Friday, 30 May 2014

Cell phone swearing

Cell phone swearing
30 May2014

I’m clearly a prude.  And a big one at that.

Now I’m the first to admit that I swear.  I own it.  I’m big enough to take it on. 

When my kids were really little, I kept it together and didn’t swear in front of them.  I didn’t have to.  I wanted to set a good example, and I found that I could express myself perfectly fine without profanity.  Unless they were out of earshot.  In which case, I could let rip.  Yes, yes – Bad Helene.   

Now I understand that you get various degrees of swearing.  What’s terrible for you, might be practically nothing for me.  And vice versa.  Dropping the “F” bomb is hardly seen as foul language by some and unforgivable by others. 

I have someone very near and dear to me, who in the absolute height of anger, frustration or pain, might softly exclaim, “Dash-it!”.  And then I know he feels badly about it for ages.  And has remorse for his self-perceived lack of control. 

Tweens and teens do not even vaguely have the same set of morals and attitude towards swearing, that us seasoned adults have.  For them it’s new.  It’s risky.  Dangerous.  A measure of exactly how badass they are.  Rebellious.  And let’s not forget uber cool.

And I’ve overheard them on occasion.  They can let rip too.  Most especially the boys.  I’ve even on occasion, had risen eyebrows, when I’ve fetched my kids from Primary School and I’ve heard some of the little kids, hanging in the trees on the school fields swearing away.  Do they really understand what they’re saying?  Or are they merely mimicking Dad or Mom?  A TV programme or a “cool” PlayStation game?

I’ve also heard the littlest of kids sledging and swearing on the sports fields.  Horrendous I tell you.  My youngest, Cole, once nearly dropped a ball in shock during a rugby game when he was in Grade 1, when a little boy from a different school both played and talked dirty, during a game.

However verbal swearing from kids is absolutely nothing, as opposed to the swearing they do on all forms of social media.  They’re not really discerning.  They do it on Facebook, Instagram, Twitter, etc.  But by far, they do the most amount of swearing via texting on their phones.  Albeit BBM, sms, WhatsApp and the likes.

It’s as if they don’t have a filter at all.  No concept of the meaning of the words they’re uttering with their typing.  The connotations of those words.  What they’re really implying.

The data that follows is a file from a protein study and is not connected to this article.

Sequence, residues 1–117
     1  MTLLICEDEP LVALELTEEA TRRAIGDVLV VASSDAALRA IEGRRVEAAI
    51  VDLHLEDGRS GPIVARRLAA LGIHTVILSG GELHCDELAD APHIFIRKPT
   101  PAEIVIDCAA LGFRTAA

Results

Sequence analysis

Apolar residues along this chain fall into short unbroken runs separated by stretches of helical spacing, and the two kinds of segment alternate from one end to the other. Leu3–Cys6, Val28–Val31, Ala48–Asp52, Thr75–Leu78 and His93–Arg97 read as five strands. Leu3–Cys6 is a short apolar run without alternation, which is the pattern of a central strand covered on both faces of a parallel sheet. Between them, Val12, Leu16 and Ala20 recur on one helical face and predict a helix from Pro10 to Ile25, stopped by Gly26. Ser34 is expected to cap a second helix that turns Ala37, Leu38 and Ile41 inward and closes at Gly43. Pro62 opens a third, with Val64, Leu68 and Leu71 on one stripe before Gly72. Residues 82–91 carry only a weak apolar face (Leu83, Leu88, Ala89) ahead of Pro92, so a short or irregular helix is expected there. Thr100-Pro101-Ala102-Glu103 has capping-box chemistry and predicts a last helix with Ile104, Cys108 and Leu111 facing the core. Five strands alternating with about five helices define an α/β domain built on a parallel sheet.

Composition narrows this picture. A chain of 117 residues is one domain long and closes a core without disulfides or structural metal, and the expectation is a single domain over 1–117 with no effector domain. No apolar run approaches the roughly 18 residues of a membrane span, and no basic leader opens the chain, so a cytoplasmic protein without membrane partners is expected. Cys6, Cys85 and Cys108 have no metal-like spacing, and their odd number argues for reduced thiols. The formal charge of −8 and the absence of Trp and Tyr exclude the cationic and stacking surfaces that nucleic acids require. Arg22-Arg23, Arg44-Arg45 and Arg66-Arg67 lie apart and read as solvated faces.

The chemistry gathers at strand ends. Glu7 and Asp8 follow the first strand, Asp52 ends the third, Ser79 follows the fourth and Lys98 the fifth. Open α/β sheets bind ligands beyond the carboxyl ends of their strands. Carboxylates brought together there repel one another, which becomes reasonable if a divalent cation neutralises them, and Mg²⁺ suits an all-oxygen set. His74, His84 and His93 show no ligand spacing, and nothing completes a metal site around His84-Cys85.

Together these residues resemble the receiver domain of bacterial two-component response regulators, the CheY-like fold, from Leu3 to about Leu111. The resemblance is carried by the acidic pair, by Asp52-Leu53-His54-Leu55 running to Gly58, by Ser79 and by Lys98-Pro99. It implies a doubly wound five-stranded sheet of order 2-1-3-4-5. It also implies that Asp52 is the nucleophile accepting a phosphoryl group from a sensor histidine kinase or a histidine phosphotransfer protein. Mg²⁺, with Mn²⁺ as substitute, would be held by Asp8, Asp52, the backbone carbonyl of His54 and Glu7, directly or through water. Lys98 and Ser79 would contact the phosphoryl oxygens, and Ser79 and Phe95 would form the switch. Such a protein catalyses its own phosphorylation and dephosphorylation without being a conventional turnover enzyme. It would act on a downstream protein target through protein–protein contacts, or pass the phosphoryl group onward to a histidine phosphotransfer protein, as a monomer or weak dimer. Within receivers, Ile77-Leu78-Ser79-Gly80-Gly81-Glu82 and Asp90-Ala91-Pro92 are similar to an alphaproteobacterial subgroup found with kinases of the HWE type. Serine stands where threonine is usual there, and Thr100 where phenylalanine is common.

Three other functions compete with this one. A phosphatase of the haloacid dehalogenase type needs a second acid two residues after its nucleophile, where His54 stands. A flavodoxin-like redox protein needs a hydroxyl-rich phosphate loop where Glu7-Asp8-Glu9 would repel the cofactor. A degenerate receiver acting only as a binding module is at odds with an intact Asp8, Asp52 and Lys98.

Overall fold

They use and abuse them, the way you and I would use a tissue.  Or throw away a piece of paper.

For them, the penny has not yet dropped, that once it’s out there, it’s out there forever.  They might swear and say something terrible about a friend on a group chat, and delete it straight after, so that they don’t get caught out, or if they’re feeling remorse.  But those words are still out there, on the phones of the seventeen other friends, that were a part of that same chat.  It never goes away.  There’s evidence.  And a virtual trail, linking them back to the deed.

At sixteen, I don’t check Luke’s phone anymore.  Mostly because he busts me each time, and I made him a promise that if he’s worthy of my trust, I won’t breach his privacy.  And with having a sixteen year old son, some things are best left unknown.  I also realise that luckily for me, due to the fact that there were no cell phones around at the time that I was sixteen, I was indeed fortunate.  I’m sure I would’ve been the worst!

But my little twelve year old?  Well, I’m the mom.  I pay the bill.  And I’m allowed to check her phone.  Having a cell phone at her young age is a privilege that I’ve bestowed upon her.  It’s not a right that she has.  I feel that I have a moral responsibility to guide her.  And to look out for her safety.  And I’ve been shocked.  It’s not just the boys swearing.  It’s the girls too.  Language worthy of the foulest gangsta movie ever.  Uttered via texting by sweet little eleven and twelve year olds girlies.  Where are they heading?

There is a certain level of disassociation with the words they’re typing.  Because they’re not uttering them verbally out loud.  To someone’s face.  Where they can gage facial expression and body language.  Intonation doesn’t enter into it either.  It’s just cold, harsh words. 

My Berry has been warned.  Don’t type something you’ll be ashamed of later.  And that you won’t say to somebody if they were standing in front of you.

Raising kids in this day and age with all of the technology at our disposal is tricky.  Very tricky indeed. 

Paper trail?  Not so much.  Cell phone trail?  Very much so.

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1 comment:

  1. It is incredible how one can become desensitised to word and their meanings. I know it only too well in the Lombard family.
    But kids just don't have the experience to know when it is inappropriate.